There is one condition to using the darkness powers, however – that is the player must be in darkness to use them. Overhead lamps, wall mounted lights and any other source of extreme light must be destroyed, otherwise the darkness can’t activate. It’s an interesting mechanic that limits the use of the darkness, making the player still vulnerable, but doesn’t make the game any less enjoyable – if anything, it makes the player think more.
So The Darkness is very strong in gameplay. But in other areas, the game doesn’t hold up. What’s very important to it is the story, and this is handled positively and negatively. It’s Half-Life 2-esque in its tact. For the most part you’ll be seeing the story through Jackie’s eyes. Voice acting for Estacado is quite good, but other characters suffer. His girlfriend Jenny is handled nicely, and the voices for the Darkness itself and Uncle Paulie are good, but the rest of the characters can be lackluster. This, coupled with bad animation, lets the game down in this department. The characters suffer from glass-eye syndrome, and lip syncing is almost non-existent in some places. There’s a serious case of lip flap, and in several instances I witnessed, the characters didn’t even seem to open their mouths at all while apparently “talking”. Facial expressions are also not up to scratch, and body movements seem restricted to muted hand waving save for one or two instances.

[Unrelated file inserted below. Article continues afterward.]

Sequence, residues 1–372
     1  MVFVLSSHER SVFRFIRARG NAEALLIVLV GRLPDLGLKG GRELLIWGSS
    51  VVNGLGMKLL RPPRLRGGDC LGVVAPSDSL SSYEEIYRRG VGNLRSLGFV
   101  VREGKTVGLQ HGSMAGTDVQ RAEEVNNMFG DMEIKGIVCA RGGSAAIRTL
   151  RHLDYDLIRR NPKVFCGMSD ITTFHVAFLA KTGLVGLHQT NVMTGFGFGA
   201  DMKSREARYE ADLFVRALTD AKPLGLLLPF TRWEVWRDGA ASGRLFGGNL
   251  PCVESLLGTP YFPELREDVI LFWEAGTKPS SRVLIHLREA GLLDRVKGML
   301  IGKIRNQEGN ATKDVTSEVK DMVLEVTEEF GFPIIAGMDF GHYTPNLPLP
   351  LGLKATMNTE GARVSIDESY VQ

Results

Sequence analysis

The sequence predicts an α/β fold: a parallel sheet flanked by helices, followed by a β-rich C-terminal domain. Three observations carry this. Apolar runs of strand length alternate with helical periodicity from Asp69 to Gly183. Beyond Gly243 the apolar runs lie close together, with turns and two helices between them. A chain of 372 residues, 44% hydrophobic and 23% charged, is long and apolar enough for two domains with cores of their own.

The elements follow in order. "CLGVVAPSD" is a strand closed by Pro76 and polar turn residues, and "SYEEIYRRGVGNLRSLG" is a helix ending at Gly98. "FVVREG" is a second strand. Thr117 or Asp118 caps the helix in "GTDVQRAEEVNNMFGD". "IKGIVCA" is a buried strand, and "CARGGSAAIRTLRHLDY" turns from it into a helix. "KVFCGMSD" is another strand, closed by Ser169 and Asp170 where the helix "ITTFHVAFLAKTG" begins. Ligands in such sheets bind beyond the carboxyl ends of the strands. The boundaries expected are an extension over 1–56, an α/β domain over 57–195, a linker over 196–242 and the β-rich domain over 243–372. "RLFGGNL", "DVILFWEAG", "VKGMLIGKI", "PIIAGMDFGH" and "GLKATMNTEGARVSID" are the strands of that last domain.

Enemy animations in the environment are adequate. You won’t really be spending a whole lot of time waiting around to watch them.
The game sounds good score and musically wise, and looks good as well. The character models look nice up close, and the environment has been given a do-over with a lot of light sheen and polish, which ends up looking quite nice.
What’s most interesting is a portion of the game spent in purgatory, in what appears to be World War One. It’s handled so well that the game almost takes on survival-horror at one point, being quite unsettling at times.
Once you’ve cleared the game, you might want to go back and clear it again on a harder difficultly level. Other than that there’s not a major reason to revisit the game, but personally I can see going back to it maybe in half a year or a year just for the experience and the atmosphere – something the game definitely captures.
The Darkness is an interesting game. Its successes are important, but ended up gliding over my head, because they made me forget I was playing a game. I wasn’t noticing what it was doing well, but I was noticing what it wasn’t doing well, namely the character animations and the voice acting. But overall it’s a game that I felt good playing. I enjoyed the mafia twist on the story, and Jackie Estacado had a kind-of Robert De Niro Godfather Part II feel, which is always good.
I enjoyed it. If you don’t own it already, you can probably find it on the cheap, and I would definitely recommend picking it up, as it’s certainly a unique first-person shooter. Four stars officially, but in my review style, it’s one thumb up. A positive finish for a good game.